AWAKENING TO RELATIONSHIPS: EMPATHY, Part 1

“No one cares how much you know, until they know how much you care.” Theodore Roosevelt

Intimate relationship

Intimate relationship (Photo credit: Masashi Mochida)

How do you feel when you are able to empathize with one you love?  Does having someone empathize with you draw you closer?  How important is empathy in your life?  Is it a part of love?

It’s spring again and the days grow longer and the light becomes more intense.  On winter’s cold days, I enjoyed curling up under a blanket to read, writing in my journal, or watching a few televisions programs.  But with the Spring Equinox, something shifts, and although March can’t decide whether it’s winter or spring, a few flowers are beginning to blossom.

The light pulls at me and I want to be outside.  Something opens in me—my heart feels exposed and touched by the blossoms and the song of new birds returning to the area.  I want to be the light spreading through the forest.

Edith Wharton said, “There are two ways of spreading light: to be the candle or to be the mirror that reflects it.”  One way I can spread light is through my words, and today the word that compels me to speak is empathy because I’ve decided to write a series of blogs on relationships and feel it is the most essential quality in a loving or caring relationship.

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Empathy In Healthy Relationships

We have many kinds of relationships with friends, family, lovers, or co-workers, and the quality of those relationships involves several aspects: empathy, intimacy, integrity, and commitment.  In healthy relationships, all these aspects function in a positive way.  They create a meaningful connection, but the lack of empathy always creates separation.  When a therapist friend of mine stated that the main reason for divorce in this country is lack of empathy, I wasn’t surprised.

Empathy is the deep emotional understanding of another’s feelings or problems.  We may feel what the other person is feeling because we’ve had a similar experience or we may be emotionally sensitive enough that we can imagine how they feel.  It is a deeper understanding than sympathy which is merely an intellectual understanding of what the other person feels.

Parents Must Teach Children Empathy

In any kind of relationship, empathy makes it possible for two people to bond in a caring way.  Empathy comes from a loving and spiritual place within us, and it is a skill we hopefully learn as children from our parents’ behavior.  Parents must teach children to identify what they feel and encourage them to talk about what bothers them and makes them happy or angry.  Otherwise, they may withdraw or develop dysfunctional ways, such as bullying, to express their frustration.

I have had the experience of talking with an adult, expressing my anger about a situation, and had them pull away.  One friend even asked me why I was angry at her when I was talking about a situation that had nothing to do with her and where she wasn’t even present.  I came to understand that when people, like my friend, have been reared to believe it isn’t acceptable to feel negative emotion or to express it, they withdraw when those feelings are expressed by others.  They may have the ability to empathize only when acceptable emotions are expressed.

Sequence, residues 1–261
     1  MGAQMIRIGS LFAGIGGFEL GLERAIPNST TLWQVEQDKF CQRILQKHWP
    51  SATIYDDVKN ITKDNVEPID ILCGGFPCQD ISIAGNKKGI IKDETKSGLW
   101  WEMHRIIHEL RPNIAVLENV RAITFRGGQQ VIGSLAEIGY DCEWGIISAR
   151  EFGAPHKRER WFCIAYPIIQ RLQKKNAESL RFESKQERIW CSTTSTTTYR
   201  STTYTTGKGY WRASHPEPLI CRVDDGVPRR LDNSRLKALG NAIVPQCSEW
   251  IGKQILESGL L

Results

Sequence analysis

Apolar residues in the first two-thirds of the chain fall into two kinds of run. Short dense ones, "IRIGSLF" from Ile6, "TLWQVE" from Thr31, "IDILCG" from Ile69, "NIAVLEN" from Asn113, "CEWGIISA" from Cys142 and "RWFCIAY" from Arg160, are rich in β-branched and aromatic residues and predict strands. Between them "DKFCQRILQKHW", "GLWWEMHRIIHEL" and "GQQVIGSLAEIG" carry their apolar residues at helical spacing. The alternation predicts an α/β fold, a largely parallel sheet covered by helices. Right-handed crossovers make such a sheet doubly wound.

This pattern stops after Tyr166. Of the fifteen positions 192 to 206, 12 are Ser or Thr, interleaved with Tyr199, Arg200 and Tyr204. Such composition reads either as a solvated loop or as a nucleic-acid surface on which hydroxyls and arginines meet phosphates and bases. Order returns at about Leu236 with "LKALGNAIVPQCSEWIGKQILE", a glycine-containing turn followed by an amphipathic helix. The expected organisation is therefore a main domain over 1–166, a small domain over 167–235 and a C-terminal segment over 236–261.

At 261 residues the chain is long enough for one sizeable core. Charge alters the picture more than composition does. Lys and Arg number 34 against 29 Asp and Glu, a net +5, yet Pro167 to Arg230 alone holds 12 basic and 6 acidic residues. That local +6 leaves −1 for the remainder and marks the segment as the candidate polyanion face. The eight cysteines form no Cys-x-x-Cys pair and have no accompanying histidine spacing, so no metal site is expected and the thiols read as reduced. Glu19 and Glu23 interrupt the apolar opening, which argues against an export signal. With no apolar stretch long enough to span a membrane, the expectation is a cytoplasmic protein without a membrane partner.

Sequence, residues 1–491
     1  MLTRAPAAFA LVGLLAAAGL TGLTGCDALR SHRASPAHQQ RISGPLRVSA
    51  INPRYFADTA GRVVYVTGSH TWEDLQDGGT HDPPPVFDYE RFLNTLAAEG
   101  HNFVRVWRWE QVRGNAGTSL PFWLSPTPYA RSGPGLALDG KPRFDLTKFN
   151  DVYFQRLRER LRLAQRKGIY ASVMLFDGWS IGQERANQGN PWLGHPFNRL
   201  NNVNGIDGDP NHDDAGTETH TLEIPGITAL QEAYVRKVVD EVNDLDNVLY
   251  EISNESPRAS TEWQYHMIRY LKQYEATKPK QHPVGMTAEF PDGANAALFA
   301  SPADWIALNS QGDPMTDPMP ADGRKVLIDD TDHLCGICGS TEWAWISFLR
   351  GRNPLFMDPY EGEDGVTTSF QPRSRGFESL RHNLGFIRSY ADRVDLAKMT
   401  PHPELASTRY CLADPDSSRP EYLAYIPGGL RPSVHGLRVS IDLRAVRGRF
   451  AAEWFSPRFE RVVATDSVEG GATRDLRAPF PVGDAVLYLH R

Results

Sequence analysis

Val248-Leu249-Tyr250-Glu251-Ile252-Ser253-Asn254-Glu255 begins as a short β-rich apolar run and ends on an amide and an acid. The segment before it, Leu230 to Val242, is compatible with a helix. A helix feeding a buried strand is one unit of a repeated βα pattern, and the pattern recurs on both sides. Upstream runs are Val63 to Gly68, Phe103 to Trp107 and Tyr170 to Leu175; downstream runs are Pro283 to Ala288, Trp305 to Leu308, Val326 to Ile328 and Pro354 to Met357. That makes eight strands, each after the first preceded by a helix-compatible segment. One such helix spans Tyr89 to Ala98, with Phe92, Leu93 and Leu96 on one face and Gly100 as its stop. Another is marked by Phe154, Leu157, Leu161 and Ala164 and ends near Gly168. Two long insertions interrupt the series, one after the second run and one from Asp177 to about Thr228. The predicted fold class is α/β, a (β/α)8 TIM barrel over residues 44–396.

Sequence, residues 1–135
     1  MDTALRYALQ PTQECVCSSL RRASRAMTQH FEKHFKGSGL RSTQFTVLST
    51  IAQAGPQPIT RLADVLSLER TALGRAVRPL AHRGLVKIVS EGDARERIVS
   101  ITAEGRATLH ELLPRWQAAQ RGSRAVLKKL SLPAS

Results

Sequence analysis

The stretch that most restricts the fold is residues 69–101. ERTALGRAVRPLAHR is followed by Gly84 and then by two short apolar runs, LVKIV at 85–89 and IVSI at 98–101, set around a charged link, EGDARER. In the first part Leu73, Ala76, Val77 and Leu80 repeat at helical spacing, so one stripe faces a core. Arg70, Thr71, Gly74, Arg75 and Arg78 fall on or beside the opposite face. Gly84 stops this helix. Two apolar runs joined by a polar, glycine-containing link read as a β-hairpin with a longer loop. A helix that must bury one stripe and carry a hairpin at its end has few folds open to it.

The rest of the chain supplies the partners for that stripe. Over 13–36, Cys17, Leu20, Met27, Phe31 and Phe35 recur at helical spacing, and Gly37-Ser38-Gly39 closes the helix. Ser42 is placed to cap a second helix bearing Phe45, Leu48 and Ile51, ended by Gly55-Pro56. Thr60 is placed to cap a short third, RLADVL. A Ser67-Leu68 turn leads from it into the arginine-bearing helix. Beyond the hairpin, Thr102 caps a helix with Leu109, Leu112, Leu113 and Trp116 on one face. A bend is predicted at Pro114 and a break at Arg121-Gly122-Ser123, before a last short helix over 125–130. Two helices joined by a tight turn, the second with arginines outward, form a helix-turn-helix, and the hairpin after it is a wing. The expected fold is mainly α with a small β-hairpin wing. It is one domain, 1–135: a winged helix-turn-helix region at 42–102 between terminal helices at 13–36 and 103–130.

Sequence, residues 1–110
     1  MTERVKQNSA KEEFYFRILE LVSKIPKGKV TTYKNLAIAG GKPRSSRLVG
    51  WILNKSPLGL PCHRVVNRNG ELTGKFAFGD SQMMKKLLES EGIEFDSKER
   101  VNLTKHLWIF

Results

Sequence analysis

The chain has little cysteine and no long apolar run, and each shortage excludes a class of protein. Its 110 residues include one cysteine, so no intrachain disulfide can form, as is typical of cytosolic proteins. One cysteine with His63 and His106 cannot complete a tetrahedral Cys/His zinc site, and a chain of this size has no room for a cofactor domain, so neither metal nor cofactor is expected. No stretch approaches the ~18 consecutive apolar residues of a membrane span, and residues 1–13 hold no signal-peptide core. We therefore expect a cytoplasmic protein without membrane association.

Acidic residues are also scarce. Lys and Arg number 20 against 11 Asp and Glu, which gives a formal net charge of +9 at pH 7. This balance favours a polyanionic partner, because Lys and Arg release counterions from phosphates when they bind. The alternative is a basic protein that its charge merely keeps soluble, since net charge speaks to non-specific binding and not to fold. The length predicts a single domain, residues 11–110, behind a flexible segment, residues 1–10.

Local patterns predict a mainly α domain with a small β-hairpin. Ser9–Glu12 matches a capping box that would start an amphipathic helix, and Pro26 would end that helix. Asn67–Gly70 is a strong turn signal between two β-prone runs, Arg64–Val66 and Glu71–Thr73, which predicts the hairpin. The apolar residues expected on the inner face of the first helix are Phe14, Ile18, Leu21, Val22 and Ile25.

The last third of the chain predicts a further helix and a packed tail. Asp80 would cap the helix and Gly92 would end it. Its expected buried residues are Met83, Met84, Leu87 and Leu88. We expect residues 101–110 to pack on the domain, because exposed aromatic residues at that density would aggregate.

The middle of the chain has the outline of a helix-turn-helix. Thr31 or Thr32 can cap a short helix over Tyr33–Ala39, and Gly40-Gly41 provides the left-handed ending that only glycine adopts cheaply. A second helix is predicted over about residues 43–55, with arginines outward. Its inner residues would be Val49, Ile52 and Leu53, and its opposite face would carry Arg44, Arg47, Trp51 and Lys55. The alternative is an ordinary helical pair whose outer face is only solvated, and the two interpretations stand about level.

Lack Of Empathy May Damage Relationships

This withdrawal can be damaging to a love relationship.  I had a similar experience with a man who was unable to see how some of his behaviors were hurtful to me and this caused on-going conflict.  He had learned in childhood that the way to be safe when there was conflict was not to express feelings and to physically withdraw.  This behavior may have protected him as a child, but as an adult, his inability to empathize with my feelings prevented us from having a deeper emotional connection.

Empathy Is Essential To Community

I am fortunate to live in a beautiful mountain community where spiritual awareness is at a high level.  Still, I meet people who are so stuck on being right that their narrow-mindedness separates them from the group or community. They don’t see how disrespectful they are.  The problem isn’t that their thoughts or beliefs are too different from the groups’ ideas, but that they have to prove theirs is the only right idea. They create separation rather than connection. They clearly lack empathy.

Adults Can Learn To Be Empathetic

Expressing empathy says, “I care,” and we all want to know someone cares.  It is deeply hurtful when those we love are not empathetic.  Even when we reach adulthood without this vital skill, it is still possible to learn how to empathize through therapy or just retraining ourselves, not only to listen to others, but to listen to ourselves.  We can go inside and learn to identify what we are really feeling and set our intention to become more aware.  Peter Gerlach says that emotions point to a need that needs filling.  If we don’t know what we’re feeling, we can’t fill our own needs, much less someone else’s.

I think Roosevelt was right, “No one cares how much you know, until they know how much you care.”  Take the time to listen and be empathetic.  This is one of the deepest and most loving ways we may connect with other people, letting them know we understand their pain and frustration.  When we can risk sharing more intimate thoughts and feelings, we may come to know and love each other in profound ways.  Expressing empathy in a relationship may transform it.  We are all One after all.

© 2013 Georganne Spruce                                                           ZQT4PQ5ZN7F5

Related Articles:  Empathy in Leadership: Ten Reasons Why It Matters, Living in Patience with Your Emotional Pain Body – Eckhart Tolle, 5 Barriers to Empathy in Marriage (and How to Overcome Them)

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